# How to Only Sum Visible Cells/Rows in a Filtered List in Excel

Sometimes we may want to only sum the visible cells in a filtered list or a table. We may notice that if we use SUM function directly with selecting the visible reference in the filtered list, all data in the list (also contains the hidden rows) is included into calculation.

## 1. Only Sum Visible Cells/Rows in a Filtered List using Formula

Above all, we need to find a proper function can only sum visible cells in a filtered list and ignore the filtered-out data. Actually, excel built-in SUBTOTAL function can perform calculating like sum data, count, average for both visible & invisible cells or only visible cells properly. As we only want to show you the formula to perform sum visible cells in filter list, so in this article we will only introduce you the basic usage of SUBTOTAL function on sum data. After reading this article, I think you must have a well understanding of SUBTOTAL function, it is flexible for you to use it in your daily work.

EXAMPLE:

If we want to sum total amount for the filtered fruit, can we use SUM function here directly?

Enter =SUM(B2:B10) in B12. See screenshot below, we get 64 here, the returned value is incorrect obviously. It equals to the total amount of the whole list B2:B10, the hidden rows are also taken into calculation.

FORMULA:

Let’s apply SUBTOTAL function in this case to try to calculate total amount for ‘Apple’ again.

Step 1: Enter

``=SUBTOTAL(9,B2:B10)``

Step 2: Press Enter to load return value.

We can see that this time correct amount 21 is displayed in B12.

HOW THIS FORMULA WORKS:

This formula only contains only one function: SUBTOTAL function.

Syntax:

``=SUBTOTAL (function_num, ref1, [ref2], ...)``

It has several arguments like function_num, ref1, ref2. For function_num, it is a number, it shows the function used by SUBTOTAL, by providing different numbers, SUBTOTAL function can perform different calculation. As we mentioned above, SUBTOTAL function can perform most basic calculations like SUM, COUNT, AVERAGE, etc., so we need to know some useful function numbers before explaining SUBTOTAL function.

Please see below screenshots, they show the correspondence between number and function.

Function number from 1 – 101.

Function number from 101 – 111.

Refer to above function number list, we can see that SUM function has two function numbers, 9-SUM and 109-SUM. Actually, if we enter 9, SUBTOTAL function will only sum visible data and ignore the filtered-out data; and if we enter 109, SUBTOTAL function will only sum visible data and ignore the manually hidden data. See, the difference is:

9: ignore data which is hidden by filter list;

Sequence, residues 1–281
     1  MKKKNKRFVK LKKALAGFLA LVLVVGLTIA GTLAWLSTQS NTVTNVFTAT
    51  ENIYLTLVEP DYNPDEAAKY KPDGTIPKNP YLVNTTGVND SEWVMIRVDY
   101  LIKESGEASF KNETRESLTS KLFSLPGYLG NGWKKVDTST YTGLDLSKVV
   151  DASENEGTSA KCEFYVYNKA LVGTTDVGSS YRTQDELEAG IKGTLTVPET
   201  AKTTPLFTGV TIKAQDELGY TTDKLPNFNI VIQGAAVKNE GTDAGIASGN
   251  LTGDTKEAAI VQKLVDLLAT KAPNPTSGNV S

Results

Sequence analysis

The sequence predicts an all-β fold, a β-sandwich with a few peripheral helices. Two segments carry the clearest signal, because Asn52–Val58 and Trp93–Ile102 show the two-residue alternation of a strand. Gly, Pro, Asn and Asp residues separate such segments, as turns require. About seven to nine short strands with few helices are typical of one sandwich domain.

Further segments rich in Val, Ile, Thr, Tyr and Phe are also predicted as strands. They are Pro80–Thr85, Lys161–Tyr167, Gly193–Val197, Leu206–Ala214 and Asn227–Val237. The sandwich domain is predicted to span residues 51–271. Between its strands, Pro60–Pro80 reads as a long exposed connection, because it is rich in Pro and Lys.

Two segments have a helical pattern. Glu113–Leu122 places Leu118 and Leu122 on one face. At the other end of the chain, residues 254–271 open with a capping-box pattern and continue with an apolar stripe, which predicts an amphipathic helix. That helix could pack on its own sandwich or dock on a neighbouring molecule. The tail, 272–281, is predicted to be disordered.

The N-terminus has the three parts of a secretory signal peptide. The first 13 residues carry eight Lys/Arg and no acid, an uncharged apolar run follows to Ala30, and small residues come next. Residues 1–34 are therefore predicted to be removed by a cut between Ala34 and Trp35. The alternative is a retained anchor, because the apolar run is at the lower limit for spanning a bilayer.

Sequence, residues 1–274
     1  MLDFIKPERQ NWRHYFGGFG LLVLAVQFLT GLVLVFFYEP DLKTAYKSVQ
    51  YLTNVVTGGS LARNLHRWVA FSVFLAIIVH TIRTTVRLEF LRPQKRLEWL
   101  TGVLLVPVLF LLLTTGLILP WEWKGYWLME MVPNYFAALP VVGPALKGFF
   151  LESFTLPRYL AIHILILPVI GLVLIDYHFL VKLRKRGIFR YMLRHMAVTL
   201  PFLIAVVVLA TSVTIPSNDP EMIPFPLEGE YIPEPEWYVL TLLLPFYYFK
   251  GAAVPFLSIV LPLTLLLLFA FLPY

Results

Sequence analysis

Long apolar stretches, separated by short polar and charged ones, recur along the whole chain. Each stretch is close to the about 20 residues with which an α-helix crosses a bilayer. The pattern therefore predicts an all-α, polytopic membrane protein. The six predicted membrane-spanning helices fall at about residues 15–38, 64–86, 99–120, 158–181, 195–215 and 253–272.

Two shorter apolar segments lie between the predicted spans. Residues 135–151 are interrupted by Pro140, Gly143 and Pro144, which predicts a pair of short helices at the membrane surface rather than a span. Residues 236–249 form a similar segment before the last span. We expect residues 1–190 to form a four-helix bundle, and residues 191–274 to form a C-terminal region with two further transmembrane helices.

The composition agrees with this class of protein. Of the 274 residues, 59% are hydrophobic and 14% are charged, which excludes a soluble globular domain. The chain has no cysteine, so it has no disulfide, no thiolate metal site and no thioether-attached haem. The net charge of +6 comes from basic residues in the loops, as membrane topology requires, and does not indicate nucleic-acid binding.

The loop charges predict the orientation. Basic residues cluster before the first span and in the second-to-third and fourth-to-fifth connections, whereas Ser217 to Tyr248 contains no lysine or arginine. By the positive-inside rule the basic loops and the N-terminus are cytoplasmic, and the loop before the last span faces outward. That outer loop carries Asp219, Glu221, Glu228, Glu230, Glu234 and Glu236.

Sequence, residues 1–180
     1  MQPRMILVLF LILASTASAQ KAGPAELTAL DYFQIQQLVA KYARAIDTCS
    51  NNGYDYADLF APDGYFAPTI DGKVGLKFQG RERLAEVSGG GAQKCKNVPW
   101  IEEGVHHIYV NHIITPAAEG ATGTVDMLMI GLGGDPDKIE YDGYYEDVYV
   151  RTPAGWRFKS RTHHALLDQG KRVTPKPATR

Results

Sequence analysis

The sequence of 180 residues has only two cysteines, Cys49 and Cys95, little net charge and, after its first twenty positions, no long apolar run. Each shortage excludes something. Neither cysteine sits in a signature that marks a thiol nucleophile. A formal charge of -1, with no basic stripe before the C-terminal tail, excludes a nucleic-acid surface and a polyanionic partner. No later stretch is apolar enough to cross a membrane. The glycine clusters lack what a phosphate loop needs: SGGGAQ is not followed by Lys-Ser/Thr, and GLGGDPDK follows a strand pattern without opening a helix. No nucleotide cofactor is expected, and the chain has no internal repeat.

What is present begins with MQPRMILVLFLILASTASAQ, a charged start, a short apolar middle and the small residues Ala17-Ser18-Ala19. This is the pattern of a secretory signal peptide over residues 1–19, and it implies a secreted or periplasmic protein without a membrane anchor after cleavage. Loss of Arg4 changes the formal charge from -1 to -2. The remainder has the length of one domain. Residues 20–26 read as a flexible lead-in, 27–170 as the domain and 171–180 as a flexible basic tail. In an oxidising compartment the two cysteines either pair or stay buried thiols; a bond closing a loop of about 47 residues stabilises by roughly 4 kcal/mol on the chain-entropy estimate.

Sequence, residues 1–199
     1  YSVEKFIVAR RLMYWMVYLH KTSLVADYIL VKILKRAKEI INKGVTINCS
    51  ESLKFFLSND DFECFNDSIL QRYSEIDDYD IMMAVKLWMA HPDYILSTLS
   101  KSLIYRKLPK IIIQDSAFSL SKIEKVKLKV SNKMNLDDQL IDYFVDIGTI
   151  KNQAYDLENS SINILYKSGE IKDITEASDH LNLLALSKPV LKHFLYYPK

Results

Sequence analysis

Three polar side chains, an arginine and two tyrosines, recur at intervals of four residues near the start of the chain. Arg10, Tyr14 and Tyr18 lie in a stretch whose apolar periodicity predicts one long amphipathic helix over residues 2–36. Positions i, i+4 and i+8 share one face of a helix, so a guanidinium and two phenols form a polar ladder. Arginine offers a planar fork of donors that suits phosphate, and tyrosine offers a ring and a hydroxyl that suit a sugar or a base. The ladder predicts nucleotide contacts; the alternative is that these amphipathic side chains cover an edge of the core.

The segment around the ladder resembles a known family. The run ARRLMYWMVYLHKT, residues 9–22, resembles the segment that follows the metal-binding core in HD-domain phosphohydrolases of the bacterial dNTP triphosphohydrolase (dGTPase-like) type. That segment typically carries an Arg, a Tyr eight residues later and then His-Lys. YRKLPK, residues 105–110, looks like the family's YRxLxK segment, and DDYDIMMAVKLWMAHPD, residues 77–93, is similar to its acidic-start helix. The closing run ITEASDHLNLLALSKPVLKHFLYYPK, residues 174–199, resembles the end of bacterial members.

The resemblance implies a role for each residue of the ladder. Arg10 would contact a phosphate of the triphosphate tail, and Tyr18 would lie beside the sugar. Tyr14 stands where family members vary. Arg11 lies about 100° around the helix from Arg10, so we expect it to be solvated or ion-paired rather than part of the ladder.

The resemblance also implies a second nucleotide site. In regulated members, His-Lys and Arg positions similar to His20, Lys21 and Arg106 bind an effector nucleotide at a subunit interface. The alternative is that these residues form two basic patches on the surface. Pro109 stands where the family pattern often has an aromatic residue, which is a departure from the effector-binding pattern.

109: ignore data which is hidden manually.

In this instance, in the formula =SUBTOTAL(9,B2:B10). There are two arguments. For the first argument function_num, as data is hidden by filter list, so we enter 9 here; for the second argument, reference, we can enter the whole list B2:B10, or you can also hold your mouse and select the visible cells directly.

RESULT:

We already get proper amount for ‘Apple’, this time let’s pick Banana to check if our formula works properly after changing the filter criteria.

It works properly. SUBTOTAL function can work well on ‘sum visible cells’.

NOTES:

1. If we change function_num from 9 to others, the SUBTOTAL function will change calculation accordingly based on the function number. For example, change 9 to 2 in this case (2 – COUNT).

We will get 2 by applying the formula.

1. SUBTOTAL function can ignore all hidden data, so we can also use it to sum visible cells in a range. Just enter the range as the reference, the it will ignore hidden cells in this range.

## 2. Only Sum Visible Cells/Rows in a Filtered List using VBA Code

Now, let’s delve into the second method, which employs VBA code to achieve the same outcome.

For a more programmatic approach, VBA (Visual Basic for Applications) code provides flexibility in summing visible cells.

Press Alt + F11 to open the VBA editor.

Right-click in the Project Explorer, select Insert, and choose Module to create a new module.

Copy and paste the following VBA code into the module:

``````Function SumVisibleCells(rng As Range) As Double
Dim cell As Range
Dim total As Double

For Each cell In rng
If cell.EntireRow.Hidden = False And IsNumeric(cell.Value) Then
total = total + cell.Value
End If
Next cell

SumVisibleCells = total
End Function
``````

This code defines a custom function SumVisibleCells that sums only visible cells in a given range.

Type this formula:

``=SumVisibleCells(B2:B10)``